Introduction Traditionally an inpatient hospital stay has been required for all joint replacement surgery. The three primary drivers of cost for joint replacement have been implant cost, other hospital charges and postoperative rehabilitation costs. The three primary reasons that have made hospitalization necessary are pain control, therapy and possible transfusion. Advances in surgical technique, implants, comprehensive blood management, and multimodal pain management have allowed a marked reduction in the hospital stay required, eliminated the need for extensive formal rehabilitation. The purpose of this study is to evaluate if hip resurfacing can be performed safely and cost-effectively as an outpatient procedure.
Methods We present the short-term outcome of our first 77 hip resurfacings done as an outpatient procedure performed by two experienced surgeons. Young patients without major medical co-morbidities were selected. The average age was 53±6 years old (range: 38 to 66), there were 57 men and 20 women. The mean ASA score was 1.6±0.5 (range 1 to 2). The diagnosis was OA in 56, dysplasia in 17, avascular necrosis in 2, and others in 2.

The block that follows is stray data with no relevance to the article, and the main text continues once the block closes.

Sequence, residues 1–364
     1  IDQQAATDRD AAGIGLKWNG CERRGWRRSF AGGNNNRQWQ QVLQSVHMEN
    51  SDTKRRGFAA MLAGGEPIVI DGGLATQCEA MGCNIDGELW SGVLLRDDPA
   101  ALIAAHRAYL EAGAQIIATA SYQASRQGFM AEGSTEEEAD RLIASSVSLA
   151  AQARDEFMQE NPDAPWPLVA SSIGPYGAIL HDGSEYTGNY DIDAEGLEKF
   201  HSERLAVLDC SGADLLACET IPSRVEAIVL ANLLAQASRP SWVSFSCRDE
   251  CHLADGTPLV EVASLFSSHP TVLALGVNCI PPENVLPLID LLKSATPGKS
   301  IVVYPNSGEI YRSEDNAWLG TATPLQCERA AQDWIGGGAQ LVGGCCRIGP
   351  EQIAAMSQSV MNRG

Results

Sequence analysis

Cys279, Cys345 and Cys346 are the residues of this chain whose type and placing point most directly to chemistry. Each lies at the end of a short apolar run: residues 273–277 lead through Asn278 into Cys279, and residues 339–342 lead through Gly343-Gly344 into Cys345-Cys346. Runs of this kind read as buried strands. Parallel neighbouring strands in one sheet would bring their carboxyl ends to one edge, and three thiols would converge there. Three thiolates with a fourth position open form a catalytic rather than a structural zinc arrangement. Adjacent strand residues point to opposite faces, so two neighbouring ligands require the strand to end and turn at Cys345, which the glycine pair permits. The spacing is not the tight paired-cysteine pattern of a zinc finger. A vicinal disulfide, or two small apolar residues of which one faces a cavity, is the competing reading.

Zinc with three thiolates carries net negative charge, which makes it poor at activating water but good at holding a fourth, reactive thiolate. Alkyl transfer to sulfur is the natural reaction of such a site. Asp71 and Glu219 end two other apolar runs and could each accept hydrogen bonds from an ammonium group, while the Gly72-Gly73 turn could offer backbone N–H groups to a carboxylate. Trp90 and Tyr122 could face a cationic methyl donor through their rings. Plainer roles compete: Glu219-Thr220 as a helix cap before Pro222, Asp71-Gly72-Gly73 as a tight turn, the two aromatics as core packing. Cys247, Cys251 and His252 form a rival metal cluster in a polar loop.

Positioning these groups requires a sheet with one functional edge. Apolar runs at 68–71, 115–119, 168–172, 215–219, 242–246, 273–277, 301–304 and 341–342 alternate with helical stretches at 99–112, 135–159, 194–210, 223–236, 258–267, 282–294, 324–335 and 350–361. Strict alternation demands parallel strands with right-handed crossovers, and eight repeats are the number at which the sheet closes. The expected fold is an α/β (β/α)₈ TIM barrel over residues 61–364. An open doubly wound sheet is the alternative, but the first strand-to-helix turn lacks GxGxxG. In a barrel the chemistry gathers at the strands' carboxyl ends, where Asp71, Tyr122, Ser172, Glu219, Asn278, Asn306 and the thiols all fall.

Results All patients were successfully discharged on the day of surgery from our physician-owned outpatient surgery center. There were no major complications noted in the first 6 weeks postoperative. There was one ER visit, and there were no hospitalizations required. The average and highest pain score for each day was shown in Figure 1 for the first 5 days postoperative. Three patients required a morphine injection after discharge from the surgery center. No patients required a transfusion. The cost comparison is obtained from the Blue Cross website which indicates that the “120 day episode of care” cost for hip replacement was $35,000 at Providence, $ 45,000 at Palmetto, $65,000 at Lexington hospital, while cost at our surgery center was $26,000. This represents a cost savings for the insurance company of nearly $9,000 (26%) compared to the lowest cost and $39,000 (60%) compared to the highest cost hospital in our region.
Conclusion We conclude that in properly selected patients, outpatient hip resurfacing can be accomplished safely, with a high degree of patient satisfaction and a tremendous cost savings to the insurer. We suspect that indications can be gradually expanded to allow more patients to take advantage of this option. If insurers could find creative ways to incentivize patients to take advantage of the highest quality, lowest cost options, tremendous health care savings are possible in a free-market health care model free of excessive government regulations and price controls.
- Copyright © 2016, British Editorial Society of Bone & Joint Surgery